Recently at Reason.tv: Judge Jim Gray on The Six Groups That Benefit From Drug Prohibition

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In 1992, Jim Gray, a conservative judge in conservative Orange County, California, held a press conference during which he recommended that we rethink our drug laws. Back then, it took a great deal of courage to suggest that the war on drugs was a failed policy.

Today, more and more Americans are coming to the realization that prohibition's costs—whether measured in lives and liberties lost or dollars wasted—far exceed any possible or claimed benefits. Reason.tv's Paul Feine interviewed Gray about drug policy and the prospects for reform.  The interview was shot by Alex Manning and edited by Hawk Jensen.

Judge Jim Gray is a spokesman for Law Enforcement Against Prohibition (LEAP) is the author of Why Our Drug Laws Have Failed and What We Can Do About It: A Judicial Indictment of the War on Drugs.

Approximately 8.30 minutes.

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17 responses to “Recently at Reason.tv: Judge Jim Gray on The Six Groups That Benefit From Drug Prohibition

  1. Good video, its time to stop this sick form of Police Socialism.

  2. I can’t always get video at work… Anyone want to help a brother out and just list the 6 groups? (I’m guessing Attourneys are number 1…)

    1. It was drug lords, juvenile gangs, law enforcement people, tough-on-crime politicians, private sector prison builders etc., and terrorists.

  3. Just wanted to say again that I think this clip is great.

  4. Clear and concise. I like this guy.

  5. You left out this:

    San Francisco officials Tuesday ordered the shutdown of all drug testing at the police crime lab amid allegations that a former technician stole and used some of the cocaine she was supposed to analyze.

    Deborah J. Madden, 60, of San Mateo officially retired this month. An investigation linked her to missing drugs in at least six cases in the latter part of 2009, police said.

    She left her job as of Dec. 8 and has recently been in treatment for drugs and alcohol and other unspecified health issues, police said.

    http://www.sfgate.com/cgi-bin/…..z0hnSlbkZE

    1. Deborah J. Madden, 60, of San Mateo officially retired this month.

      So, after stealing evidence from the crime lab, she’s going to spend the rest of her life pulling down a sweet pension.

      Anyone wanna speculate on whether her substance abuse treatment is covered by her retiree health benefits? This is San Francisco, don’t forget.

  6. I like Matt Welch’s (based on Vaclav Havel’s) idea that any policy that is based on a lie cannot stand in the long run. I suspect marijuana will be decriminalized, if not legalized, just about everywhere within the next 20-30 years. Does anyone else think this is pretty much inevitable?

    1. I like Matt Welch’s (based on Vaclav Havel’s) idea that any policy that is based on a lie cannot stand in the long run.

      What are we up to now, nearly 80 years? That’s a pretty long fucking run.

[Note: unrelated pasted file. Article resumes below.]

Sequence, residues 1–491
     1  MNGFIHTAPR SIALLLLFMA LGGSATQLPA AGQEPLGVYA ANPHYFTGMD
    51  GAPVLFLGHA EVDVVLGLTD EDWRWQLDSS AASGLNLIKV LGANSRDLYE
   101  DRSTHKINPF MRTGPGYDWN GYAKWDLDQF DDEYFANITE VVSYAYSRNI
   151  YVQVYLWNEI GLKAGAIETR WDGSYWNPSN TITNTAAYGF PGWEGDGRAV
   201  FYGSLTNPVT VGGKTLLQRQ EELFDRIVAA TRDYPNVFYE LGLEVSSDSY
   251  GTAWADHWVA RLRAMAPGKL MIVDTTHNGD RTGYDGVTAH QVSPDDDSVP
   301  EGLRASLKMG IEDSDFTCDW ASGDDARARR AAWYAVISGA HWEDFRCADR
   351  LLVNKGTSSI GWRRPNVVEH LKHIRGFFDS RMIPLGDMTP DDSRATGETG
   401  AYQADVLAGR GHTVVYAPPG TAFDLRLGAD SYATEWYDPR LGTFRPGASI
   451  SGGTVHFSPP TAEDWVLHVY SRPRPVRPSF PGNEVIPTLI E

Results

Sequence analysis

7. Jim Gray would make a great LP candidate for President. His name is already dirt among Republicans and he has previously run for US Senate on the LP line.

    This would help him spread his idea (a little) while simultaneously letting him sell some extra books.

    Win-Win!

  8. One reason Holland has half the pot use of the US is becuase they don’t have all that mexican brick weed. It takes fists full of that stuff to get high, so we smoke that much more. It throws off the statistics. Everyone knows that.

    Gray makes the argument that legal pot is “boring” and therefore use may go down. While there is some truth to that, I don’t think most people will buy it.

    I think the better argument is to tell people that there is moderate use and destructive use. Just like drunks vs. moderate drinkers. Legalization will make moderate use go up, but that won’t impose costs on non-users, just like no one notices the ebb and flow of moderate alcohol users from year to year. It doesn’t matter.

    And as for the type of marijuana users that would create problems for soceity – those people already use. A change in the law isn’t going to affect them.

  9. That’s just great, so now the DWI arrest will go up, and we’ll have drugged out zombies stumbling all over. And what about the Health care bill going out of sight.

    1. So, what you’re saying is that if drugs were legal, you’d start using? Because your comment implies that people who don’t use now will all start.

      I don’t drink, smoke or do any drugs. And 2 of those things are very much legal now, why would that suddenly change? There are plenty of people like me, who choose not to use drugs but still would like it decriminalized.

  10. he forgot to list dupont as the seventh group. they hate hemp fibers in lieu of their synthetic stuff.

  11. it’s funny my friend and I knew everything he said when we where teenagers. Then we agreed people are just too dumb to get it.

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